The waiting room is one of the most stressful parts of a patient visit so designers should keep in mind to make it an amazing place to be. Designers should provide room for expansive views, windows for daylight, art and beautiful, comfortable furniture, laboratory tables. Locating waiting areas along the perimeter is an effective way to endorse wayfinding and shedding the burden of stressful waiting time period away from the patients in order to reduce their stress.
- Pleasant Clinical Environment
Patients and staff enjoy a well-designed environment that simulates their sentiments in a positive way. While it is tempting to focus only on lobbies and waiting areas and clinical areas need just as much attention. Imaging suites, procedure rooms where patients are conscious and most importantly blood-draw stations benefit a lot from natural daylight and artistic material that can positively distract patients. These areas are imperative in creating a vibe of a calming and healthy environment.
- Onstage / Offstage Environments (The Disney Effect)
Today, many healthcare institutions take cues from Disney’s onstage/offstage idea, where they can provide seamless medical services. When designing a new hospital, it isn’t just about separating experience areas from services areas but designing a circulation and planning diagram that allows the discrimination of goods and services from patients and their families, both vertically and horizontally. This concept varies degrees to this separation and effective criteria.
For instance, adding service and patient transport elevators that are meant for the patient wing instead of at the end of the units reduces the amount of crossover between patients and services.
- Healthy Building = Healthy Residents
Hospitals are destined to heal patients and the building of a hospital is a process of healing itself. Therefore, hospitals should also pay complete attention to the medical department instead of accommodating an extra department if the hospital is medium or small-sized. As I have mentioned earlier in this article that they should outsource their operations like hospital medical billing services so they can manage their medical faculty with complete satisfaction.
Designers should use such construction material that allows fresh and filtered air and they should place the design in a manner that allows access to outside experience with operable windows or terraces in places where immune systems are not compromised in order to construct a healthier building.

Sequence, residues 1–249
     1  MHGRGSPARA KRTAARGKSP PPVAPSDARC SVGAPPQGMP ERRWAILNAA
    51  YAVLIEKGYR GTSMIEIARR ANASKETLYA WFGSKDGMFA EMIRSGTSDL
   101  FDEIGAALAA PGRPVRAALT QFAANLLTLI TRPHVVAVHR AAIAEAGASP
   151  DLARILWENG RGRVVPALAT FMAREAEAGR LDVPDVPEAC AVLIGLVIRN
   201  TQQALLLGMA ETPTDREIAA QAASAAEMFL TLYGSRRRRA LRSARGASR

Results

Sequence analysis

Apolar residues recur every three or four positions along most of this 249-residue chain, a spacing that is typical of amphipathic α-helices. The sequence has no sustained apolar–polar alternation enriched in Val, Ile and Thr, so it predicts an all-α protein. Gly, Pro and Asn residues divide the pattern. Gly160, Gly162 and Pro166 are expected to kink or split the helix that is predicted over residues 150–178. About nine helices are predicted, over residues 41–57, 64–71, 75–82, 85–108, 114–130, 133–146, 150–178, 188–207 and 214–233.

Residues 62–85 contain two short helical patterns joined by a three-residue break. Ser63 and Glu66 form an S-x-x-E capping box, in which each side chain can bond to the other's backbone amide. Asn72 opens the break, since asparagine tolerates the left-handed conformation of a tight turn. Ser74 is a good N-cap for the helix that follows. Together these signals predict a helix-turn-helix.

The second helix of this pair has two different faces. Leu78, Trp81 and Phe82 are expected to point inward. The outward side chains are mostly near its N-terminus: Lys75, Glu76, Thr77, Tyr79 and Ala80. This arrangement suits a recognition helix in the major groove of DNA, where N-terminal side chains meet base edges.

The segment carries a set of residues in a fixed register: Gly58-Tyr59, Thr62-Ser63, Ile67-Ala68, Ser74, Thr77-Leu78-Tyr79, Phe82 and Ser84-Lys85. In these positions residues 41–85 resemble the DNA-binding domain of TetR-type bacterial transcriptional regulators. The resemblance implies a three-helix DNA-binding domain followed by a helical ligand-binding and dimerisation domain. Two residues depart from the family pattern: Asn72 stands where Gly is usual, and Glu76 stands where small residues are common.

Looking beyond patients to a healthier environment, excess heat, rain and wind should be captured and stored for further usage. Since hospitals are mission-critical facilities and need to remain open and accessible after events like wildfires, tornadoes and earthquakes the perfect hospital is a standalone, net-zero, resilient structure.
- Create A Personalized Experience
Personalization goes a long way in creating a comfortable experience. It also helps patients and their families have a better visit _ it also potentially leads to better results. Just think of all the different strategies to customize a patient’s experience: change room colour or lightning that can give a soothing experience to the resident. Moreover, designers can think of picking from a group, semi-private or private room for infusion or dialysis treatment; customize overhead music and artwork, and they may select from city or river views. When your design esthetics offer choice and a feeling of control to the patients then it creates a custom-tailored experience to the hospital.
- Dignified Discharge
Finally, consider how to provide a dignified exit for patients who are leaving the hospital, but still require assistance. Provide a comfortable and private discharge route that doesn’t go through the main hospital doors for those using crutches or a wheelchair for the first attempt or recovering from a day procedure. This doesn’t only provide a more dignified experience to a patient while departing but can calm nerves for new patients coming into the hospital.
As hospital owners, practitioners must pay attention to these above-mentioned 10 patient-centred elements to create positive impressions for all populations with a hospital. This list can help practitioners to start thinking about the right aspects of their hospital project and focus on design esthetics that can impact your hospital.